Books (March 01, 2010)

REVIEWED BY Ian Chodikoff and Leslie Jen

A Guidebook to Contemporary Architecture in Toronto
By Phil Goodfellow and Margaret Goodfellow. Vancouver/Toronto: Douglas & McIntyre, 2010.

As part of a series of recent publications celebrating contemporary architecture in Canada’s three largest cities–Vancouver, Montreal and Toronto–A Guidebook to Contemporary Architecture in Toronto presents a collection of buildings completed in Toronto over the past decade. From well-considered laneway housing to technically advanced institutional buildings, architects practicing in Toronto have successfully made advances in urban density, infill, heritage restoration, environmental sustainability and social awareness.

As one might expect, this publication devotes considerable attention to the city’s architectural “renaissance,” in the form of well-publicized and oft-debated cultural institutions such as the Art Gallery of Ontario, the Michael Lee-Chin Crystal at the Royal Ontario Museum, and the Gardiner Museum. These buildings are succinctly presented, as are other highly acclaimed projects such as Canada’s National Ballet School and the Sharp Centre for Design at the Ontario College of Art & Design. The selectively and conservatively illustrated assemblage of notable projects have nevertheless irrefutably altered the course of Toronto’s architectural trajectory.

To animate the rather normative display of recent buildings, the editors include a dynamic interview with Bruce Kuwabara, Larry Richards and William Thorsell. Playing the role of architect, advocate and civic booster respectively, these three individuals discuss their influential involvement in spearheading change in the city over the past decade.

While the guidebook is largely focused on the downtown core, it does make an earnest attempt at documenting several significant buildings constructed throughout the city’s suburbs while acknowledging the diversity of Toronto’s many ethnic populations. When surveying the city’s development over the past decade through this handy resource book, it is readily apparent that change requires leadership, perseverance and talent to build projects that improve the quality of life in Toronto. IC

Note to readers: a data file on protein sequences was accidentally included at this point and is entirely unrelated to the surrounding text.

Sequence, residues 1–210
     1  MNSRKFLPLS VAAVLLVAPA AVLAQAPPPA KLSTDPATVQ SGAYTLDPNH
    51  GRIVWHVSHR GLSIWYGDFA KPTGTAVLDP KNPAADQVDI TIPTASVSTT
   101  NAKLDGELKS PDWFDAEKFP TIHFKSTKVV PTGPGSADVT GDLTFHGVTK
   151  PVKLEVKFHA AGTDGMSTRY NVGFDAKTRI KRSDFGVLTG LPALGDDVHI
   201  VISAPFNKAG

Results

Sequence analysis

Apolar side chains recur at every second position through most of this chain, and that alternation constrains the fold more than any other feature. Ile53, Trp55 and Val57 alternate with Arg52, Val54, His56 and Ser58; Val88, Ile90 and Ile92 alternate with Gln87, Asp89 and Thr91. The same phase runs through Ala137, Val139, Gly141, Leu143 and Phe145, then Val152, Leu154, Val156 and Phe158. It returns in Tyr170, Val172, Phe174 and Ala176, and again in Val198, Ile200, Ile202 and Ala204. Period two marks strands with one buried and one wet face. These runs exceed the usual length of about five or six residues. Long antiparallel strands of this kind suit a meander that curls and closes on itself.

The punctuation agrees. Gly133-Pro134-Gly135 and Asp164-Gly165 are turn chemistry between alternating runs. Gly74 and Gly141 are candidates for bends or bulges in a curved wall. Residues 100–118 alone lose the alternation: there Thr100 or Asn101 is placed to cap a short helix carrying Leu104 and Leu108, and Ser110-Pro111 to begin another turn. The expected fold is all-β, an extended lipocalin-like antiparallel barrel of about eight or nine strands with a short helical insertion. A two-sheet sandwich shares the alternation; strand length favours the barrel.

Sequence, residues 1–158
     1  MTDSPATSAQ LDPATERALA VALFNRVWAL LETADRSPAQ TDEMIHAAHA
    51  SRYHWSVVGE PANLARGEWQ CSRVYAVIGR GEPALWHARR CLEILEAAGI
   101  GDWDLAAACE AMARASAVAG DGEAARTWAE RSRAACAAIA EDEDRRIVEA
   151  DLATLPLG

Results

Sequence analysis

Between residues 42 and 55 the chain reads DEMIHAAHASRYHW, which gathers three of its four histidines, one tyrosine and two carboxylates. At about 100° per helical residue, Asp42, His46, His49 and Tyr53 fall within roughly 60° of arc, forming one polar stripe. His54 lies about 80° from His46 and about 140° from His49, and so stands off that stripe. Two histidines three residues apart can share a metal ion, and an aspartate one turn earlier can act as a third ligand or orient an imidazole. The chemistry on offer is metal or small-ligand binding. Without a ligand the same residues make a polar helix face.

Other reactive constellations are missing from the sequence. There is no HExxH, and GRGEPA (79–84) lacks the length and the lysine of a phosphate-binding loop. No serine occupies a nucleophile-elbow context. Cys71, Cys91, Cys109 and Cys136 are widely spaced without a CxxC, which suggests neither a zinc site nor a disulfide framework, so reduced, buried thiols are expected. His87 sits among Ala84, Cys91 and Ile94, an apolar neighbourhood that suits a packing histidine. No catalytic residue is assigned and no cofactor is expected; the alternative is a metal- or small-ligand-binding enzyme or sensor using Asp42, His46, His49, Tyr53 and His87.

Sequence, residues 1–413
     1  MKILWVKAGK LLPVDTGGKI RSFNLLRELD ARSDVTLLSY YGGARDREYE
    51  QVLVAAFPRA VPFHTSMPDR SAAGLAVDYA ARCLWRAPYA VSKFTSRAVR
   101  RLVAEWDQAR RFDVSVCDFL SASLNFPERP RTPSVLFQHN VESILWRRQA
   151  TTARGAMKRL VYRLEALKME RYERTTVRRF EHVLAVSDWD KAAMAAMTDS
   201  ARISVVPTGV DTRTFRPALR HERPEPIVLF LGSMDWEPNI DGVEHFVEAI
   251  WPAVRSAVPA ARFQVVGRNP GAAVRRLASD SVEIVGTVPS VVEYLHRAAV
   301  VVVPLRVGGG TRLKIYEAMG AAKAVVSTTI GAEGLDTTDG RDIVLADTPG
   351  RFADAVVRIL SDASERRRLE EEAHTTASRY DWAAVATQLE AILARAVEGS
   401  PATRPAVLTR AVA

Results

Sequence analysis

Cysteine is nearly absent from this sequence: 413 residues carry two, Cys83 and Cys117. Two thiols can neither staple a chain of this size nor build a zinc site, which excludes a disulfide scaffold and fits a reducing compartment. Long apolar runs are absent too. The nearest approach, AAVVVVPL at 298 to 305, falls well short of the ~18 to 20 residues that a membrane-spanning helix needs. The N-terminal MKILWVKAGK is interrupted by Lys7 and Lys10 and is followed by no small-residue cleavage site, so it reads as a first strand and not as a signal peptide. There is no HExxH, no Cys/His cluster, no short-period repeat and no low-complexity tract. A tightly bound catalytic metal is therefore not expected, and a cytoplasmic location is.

A Guidebook to Contemporary Architecture in Vancouver
By Chris Macdonald. Vancouver: Douglas & McIntyre, 2010.

The projects in A Guidebook to Contemporary Architecture in Vancouver were selected not only for their design merits but because they so clearly represent the public and private interests shaping the warp-speed evolution of this highly malleable young city. The book encompasses work built in what seems to be an incredibly short chunk of time–1990 to 2010–more or less the period bookended by Expo ’86 and the 2010 Winter Olympics, both critical events that catalyzed unprecedented ambition and a collective urban consciousness in Vancouverites.

This book couldn’t have been published at a more opportune time. The Winter Olympics has thrust Vancouver onto the world stage, and the photogenic qualities of the city have captivated a global audience: spectacular snow-capped mountain ridges, evergreen forests and clear, blue ocean compete with glimpses of a vibrant downtown street life, throngs of jubilant citizens, and lots of shiny, happy new buildings. Since 1995, an astounding 150-plus high-rise residential structures have been built in the ever-densifying downtown peninsula–many of which were realized through the City’s density bonus transfer system, which allows developers greater height and density in exchange for the provision of public amenity. Consequently, a proliferation of community centres, parks, public art, social housing and heritage restoration has enriched Vancouver to the extent that it has become the envy of cities around the world, who look to it as an ideal paradigm for their own continuing growth and evolution.

But the guidebook does not glorify the city as a leisure-filled playground for the rich; it directly addresses the other, less glamorous story of Vancouver. The gritty and notoriously troubled Downtown Eastside is plagued by alarmingly high rates of homicide, HIV transmission and homelessness. Accordingly, a number of social housing projects are included in the volume, as is the ambitious and provocative Woodward’s Redevelopment.

Vancouver is unequivocally a fascinating work in progress; the rapid pace of development during its adolescent growth spurt of the past two decades has encouraged an “almost improvisational mode of practice,” according to editor Chris Macdonald. As a laboratory for experimental research in architecture and the public realm, there are bound to be positive results, numerous examples of which are contained in this thoughtfully prepared guidebook. LJ